Moving funding from year to year will affect staff ability to implement projects. Delaying this project will invariably delay other park improvement projects called for in the CIP.

Minneapolis Goals and Strategic Direction

Minneapolis is a growing and vibrant world-class city with a flourishing economy and a pristine environment, where all people are safe, healthy and have equitable opportunities for success and happiness.Below is a description of how this project meets each of the City's Goals. Below is a description of how this project meets each of the City's Goals.

Below is a description of how this project meets each of the City's Goals.

Public Safety

Collaborative and community-inclusive strategies to ensure safety for all members of our community:

Construction projects in parks improve safety throughout Minneapolis’s parks, ensuring they are inviting and allow for healthful activities. They decommission outdated facilities and replace them with new ones that meet current safety and accessibility standards and expectations.


The City prioritizes equitable access to safe, stable, accessible, and affordable housing to eliminate racial disparities in housing:

Park improvements relate to housing in that they are sometimes identified as a gentrifying force in neighborhoods. The alternative, however, of not improving parks would do a disservice to those that use them. MPRB is committed to working with the City to identify and address potential park-related gentrification and displacement, in order to contribute to stable neighborhoods with excellent park service.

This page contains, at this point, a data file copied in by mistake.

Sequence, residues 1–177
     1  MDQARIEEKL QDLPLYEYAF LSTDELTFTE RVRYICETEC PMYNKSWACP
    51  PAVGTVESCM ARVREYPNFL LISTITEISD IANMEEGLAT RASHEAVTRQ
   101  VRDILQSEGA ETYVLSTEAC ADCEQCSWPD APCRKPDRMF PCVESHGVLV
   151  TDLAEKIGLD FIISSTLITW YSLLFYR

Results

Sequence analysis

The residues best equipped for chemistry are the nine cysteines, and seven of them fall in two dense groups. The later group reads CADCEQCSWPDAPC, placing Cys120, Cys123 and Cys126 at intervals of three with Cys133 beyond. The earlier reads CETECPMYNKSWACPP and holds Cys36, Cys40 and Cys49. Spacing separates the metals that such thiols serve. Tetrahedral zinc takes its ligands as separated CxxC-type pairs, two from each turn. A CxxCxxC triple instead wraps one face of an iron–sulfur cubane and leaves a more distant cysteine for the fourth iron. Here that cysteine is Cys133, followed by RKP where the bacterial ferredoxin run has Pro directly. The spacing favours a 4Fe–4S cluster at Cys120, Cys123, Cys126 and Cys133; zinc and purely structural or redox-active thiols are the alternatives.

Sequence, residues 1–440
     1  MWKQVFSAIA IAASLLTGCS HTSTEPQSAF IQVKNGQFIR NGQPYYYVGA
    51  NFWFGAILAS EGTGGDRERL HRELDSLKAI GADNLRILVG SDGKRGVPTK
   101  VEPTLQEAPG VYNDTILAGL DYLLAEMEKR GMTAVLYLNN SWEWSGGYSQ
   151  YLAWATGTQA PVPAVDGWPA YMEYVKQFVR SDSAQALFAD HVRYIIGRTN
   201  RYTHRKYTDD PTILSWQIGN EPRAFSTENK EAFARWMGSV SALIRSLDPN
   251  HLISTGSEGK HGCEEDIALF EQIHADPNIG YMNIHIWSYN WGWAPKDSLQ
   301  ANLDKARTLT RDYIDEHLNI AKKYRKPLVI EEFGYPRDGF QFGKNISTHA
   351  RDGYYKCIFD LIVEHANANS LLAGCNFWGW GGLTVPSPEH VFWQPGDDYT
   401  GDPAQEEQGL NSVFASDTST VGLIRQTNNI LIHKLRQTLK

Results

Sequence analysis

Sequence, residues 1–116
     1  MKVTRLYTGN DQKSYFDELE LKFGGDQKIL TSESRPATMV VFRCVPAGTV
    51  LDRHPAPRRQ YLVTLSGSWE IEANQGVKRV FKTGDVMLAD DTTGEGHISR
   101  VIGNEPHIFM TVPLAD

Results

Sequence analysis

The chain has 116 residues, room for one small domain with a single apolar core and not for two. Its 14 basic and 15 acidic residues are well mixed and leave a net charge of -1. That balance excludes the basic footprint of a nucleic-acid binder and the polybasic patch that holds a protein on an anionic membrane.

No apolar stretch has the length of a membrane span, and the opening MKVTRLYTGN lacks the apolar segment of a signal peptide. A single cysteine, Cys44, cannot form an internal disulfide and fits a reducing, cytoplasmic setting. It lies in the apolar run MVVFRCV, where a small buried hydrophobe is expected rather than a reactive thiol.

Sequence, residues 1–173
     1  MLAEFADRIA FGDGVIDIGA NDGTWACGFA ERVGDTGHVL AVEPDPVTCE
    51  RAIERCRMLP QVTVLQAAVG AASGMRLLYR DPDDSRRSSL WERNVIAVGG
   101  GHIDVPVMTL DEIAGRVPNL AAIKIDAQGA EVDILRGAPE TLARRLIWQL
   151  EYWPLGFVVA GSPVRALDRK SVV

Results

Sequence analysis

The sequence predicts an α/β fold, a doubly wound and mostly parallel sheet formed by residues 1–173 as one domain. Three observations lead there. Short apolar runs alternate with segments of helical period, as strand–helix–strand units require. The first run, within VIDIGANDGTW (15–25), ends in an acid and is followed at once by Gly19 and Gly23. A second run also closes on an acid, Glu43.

Economic Development

The City prioritizes economic inclusion so that all workers and families are supported and People of Color, Indigenous and Immigrant (POCII)-owned businesses in all sectors can thrive.

Quality of life is a critical aspect in a business's decision to relocate to, remain in, or expand in Minneapolis. City residents consistently rate parks as having extremely high importance to their quality of life. Therefore, park renewal to maintain quality and incorporate desired amenities can contribute significantly to business retention and recruitment, including among under-represented groups.

Public Services

The City prioritizes reliable and equitable access to high-quality public services.

Though semi-autonomous, MPRB strives for the same efficiency, transparency, and responsibility as stated in the City's goal. MPRB follows the City's purchasing procedures to ensure fair selection of services and detailed in-house project-by-project accounting ensures each project has a carefully managed budget. MPRB involves the public extensively in the scoping and design of park projects and provides detailed and extensive notifications during construction. Because the East Phillips Park master plan will be driven by community involvement, implementation of that plan will allow the public to recreate daily and in ways that meet each individual’s particular needs.

Environmental Justice:

The City prioritizes sustainable practices and renewable resources to equitably address climate change while restoring and protecting our soil, water and air.